The Southwest African country reached peak production of 2Million Barrels of Oil per Day in 2008, but has not been able to clinch and hold on to the magical figure despite some new oil fields coming online, Last June, TOTAL, for instance, put on line a cluster of fields named CLOV, with production capacity of 160,000BOPD. In December 2014, ENI commenced production of the West Hub project, at 45,000BOPD. This combined ~200,000BOPD new input should have lifted Angola higher than the 1.7MMBOPD range, but it simply means that there were declining production in the slew of deepwater fields: KuitoGirassol, Dalia, Kizomba A, B, C &Kizomba satellites, as well as Xikomba, Pazflor, Greater Plutonio, PSVM, CLOV, West Hub

“Angola’s oil production grew by an annual average of 15% from 2002 to 2008 as production started from multiple deepwater fields that were discovered in the 1990s”, the EIA states, repeating the claim earlier made by several sources. The first deepwater field to come online was the Chevron-operated Kuito field (Block 14) in late 1999.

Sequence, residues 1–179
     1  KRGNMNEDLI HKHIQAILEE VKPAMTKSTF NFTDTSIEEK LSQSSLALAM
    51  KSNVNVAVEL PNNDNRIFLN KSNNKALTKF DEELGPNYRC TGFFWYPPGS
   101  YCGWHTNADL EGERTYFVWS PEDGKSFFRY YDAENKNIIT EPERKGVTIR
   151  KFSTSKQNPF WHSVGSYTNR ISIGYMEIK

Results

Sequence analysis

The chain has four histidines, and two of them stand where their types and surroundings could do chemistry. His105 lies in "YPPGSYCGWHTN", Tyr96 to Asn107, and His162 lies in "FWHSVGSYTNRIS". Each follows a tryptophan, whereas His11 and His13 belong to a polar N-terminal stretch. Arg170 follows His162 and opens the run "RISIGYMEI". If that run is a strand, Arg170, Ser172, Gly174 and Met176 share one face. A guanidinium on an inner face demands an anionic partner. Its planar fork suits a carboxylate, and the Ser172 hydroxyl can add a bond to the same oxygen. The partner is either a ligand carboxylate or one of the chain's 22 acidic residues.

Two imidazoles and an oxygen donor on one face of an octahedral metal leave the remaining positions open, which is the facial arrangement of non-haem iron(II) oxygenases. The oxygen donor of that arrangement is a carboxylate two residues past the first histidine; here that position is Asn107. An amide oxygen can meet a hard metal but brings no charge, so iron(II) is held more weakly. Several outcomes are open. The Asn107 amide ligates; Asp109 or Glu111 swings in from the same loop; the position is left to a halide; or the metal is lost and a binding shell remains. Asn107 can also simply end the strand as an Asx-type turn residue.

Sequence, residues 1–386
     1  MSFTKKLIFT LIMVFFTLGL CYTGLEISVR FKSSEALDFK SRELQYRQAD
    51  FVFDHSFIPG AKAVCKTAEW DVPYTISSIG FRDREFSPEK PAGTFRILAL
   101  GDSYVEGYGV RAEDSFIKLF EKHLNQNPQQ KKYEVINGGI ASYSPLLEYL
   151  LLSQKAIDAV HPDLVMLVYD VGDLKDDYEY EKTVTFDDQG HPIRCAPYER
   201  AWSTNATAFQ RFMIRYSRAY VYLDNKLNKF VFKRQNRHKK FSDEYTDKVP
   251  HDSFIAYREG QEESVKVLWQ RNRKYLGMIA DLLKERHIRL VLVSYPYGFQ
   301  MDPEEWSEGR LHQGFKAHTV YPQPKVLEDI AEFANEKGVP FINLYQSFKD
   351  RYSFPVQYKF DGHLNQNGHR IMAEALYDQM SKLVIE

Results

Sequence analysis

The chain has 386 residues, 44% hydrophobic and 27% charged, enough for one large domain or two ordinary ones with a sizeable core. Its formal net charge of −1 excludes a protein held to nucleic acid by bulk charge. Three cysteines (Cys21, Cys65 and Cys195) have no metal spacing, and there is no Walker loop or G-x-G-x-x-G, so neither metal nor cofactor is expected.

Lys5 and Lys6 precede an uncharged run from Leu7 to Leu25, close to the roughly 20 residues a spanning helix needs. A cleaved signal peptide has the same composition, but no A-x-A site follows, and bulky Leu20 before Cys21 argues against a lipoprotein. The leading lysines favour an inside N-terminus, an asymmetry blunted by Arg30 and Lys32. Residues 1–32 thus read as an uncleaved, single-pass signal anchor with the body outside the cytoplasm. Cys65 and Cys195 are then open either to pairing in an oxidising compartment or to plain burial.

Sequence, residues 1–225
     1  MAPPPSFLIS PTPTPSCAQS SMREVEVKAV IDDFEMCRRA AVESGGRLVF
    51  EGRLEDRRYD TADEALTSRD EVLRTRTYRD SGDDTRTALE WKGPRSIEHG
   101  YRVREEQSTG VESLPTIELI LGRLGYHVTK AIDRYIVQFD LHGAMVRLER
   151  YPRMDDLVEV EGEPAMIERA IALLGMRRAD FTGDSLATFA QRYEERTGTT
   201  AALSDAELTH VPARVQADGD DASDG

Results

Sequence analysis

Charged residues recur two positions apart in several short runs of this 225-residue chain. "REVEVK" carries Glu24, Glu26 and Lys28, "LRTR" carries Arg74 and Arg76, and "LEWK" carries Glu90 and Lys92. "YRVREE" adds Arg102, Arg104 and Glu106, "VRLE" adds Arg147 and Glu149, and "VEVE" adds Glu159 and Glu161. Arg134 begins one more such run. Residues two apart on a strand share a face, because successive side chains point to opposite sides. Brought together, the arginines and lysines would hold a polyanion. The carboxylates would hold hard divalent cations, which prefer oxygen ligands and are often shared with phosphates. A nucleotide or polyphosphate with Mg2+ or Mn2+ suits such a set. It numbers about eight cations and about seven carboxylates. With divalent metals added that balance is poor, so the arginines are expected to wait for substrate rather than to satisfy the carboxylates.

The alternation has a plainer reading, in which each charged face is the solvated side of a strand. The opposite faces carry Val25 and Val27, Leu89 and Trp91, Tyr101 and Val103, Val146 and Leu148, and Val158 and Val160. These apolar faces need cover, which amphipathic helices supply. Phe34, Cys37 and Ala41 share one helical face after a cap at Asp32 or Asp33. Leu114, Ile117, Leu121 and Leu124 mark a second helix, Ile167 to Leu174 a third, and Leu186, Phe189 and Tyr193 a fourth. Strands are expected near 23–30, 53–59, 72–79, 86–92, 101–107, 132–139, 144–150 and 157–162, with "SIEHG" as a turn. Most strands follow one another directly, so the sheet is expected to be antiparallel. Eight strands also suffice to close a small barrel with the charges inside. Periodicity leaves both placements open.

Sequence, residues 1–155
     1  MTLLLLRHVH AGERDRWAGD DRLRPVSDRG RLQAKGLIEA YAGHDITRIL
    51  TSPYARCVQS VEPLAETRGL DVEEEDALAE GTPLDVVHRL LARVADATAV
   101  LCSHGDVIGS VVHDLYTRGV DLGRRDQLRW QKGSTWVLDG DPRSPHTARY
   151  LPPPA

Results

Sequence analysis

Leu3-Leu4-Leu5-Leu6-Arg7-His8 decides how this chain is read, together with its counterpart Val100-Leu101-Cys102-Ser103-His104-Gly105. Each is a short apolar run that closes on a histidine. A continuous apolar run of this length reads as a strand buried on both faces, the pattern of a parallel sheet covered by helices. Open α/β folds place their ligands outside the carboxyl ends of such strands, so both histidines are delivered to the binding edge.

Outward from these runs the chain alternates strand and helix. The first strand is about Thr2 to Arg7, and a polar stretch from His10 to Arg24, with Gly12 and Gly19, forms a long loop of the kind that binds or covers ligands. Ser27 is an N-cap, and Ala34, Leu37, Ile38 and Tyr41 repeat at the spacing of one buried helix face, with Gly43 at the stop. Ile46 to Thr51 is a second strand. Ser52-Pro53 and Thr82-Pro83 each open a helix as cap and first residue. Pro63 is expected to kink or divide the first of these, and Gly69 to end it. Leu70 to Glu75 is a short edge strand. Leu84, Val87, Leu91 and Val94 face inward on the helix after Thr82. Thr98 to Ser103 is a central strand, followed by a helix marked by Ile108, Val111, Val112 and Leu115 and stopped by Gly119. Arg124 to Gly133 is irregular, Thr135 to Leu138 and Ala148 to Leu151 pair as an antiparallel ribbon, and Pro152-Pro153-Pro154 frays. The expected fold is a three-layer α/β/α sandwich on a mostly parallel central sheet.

Woodmac Sees A Goodluck Jonathan Win As Least Disruptive for The Oil Industry

….says an APC victory would be ‘most uncertain scenario’, but could rein in oil theft and corruption.

Wood McKenzie, the global firm of oil industry analysts, says that a victory by Goodluck Jonathan, the Nigerian president, “ would be the least disruptive for the oil sector”.  In a report that is as much about the impending Nigerian elections (scheduled for kick off March 28, 2015), as it is about post -election oil industry policy, the company says the elections are too close to call, and that a win by PDP will likely come in form of a reduced mandate, which “would increase challenges for the passage of legislation, including the controversial Petroleum Industry Bill (PIB)”.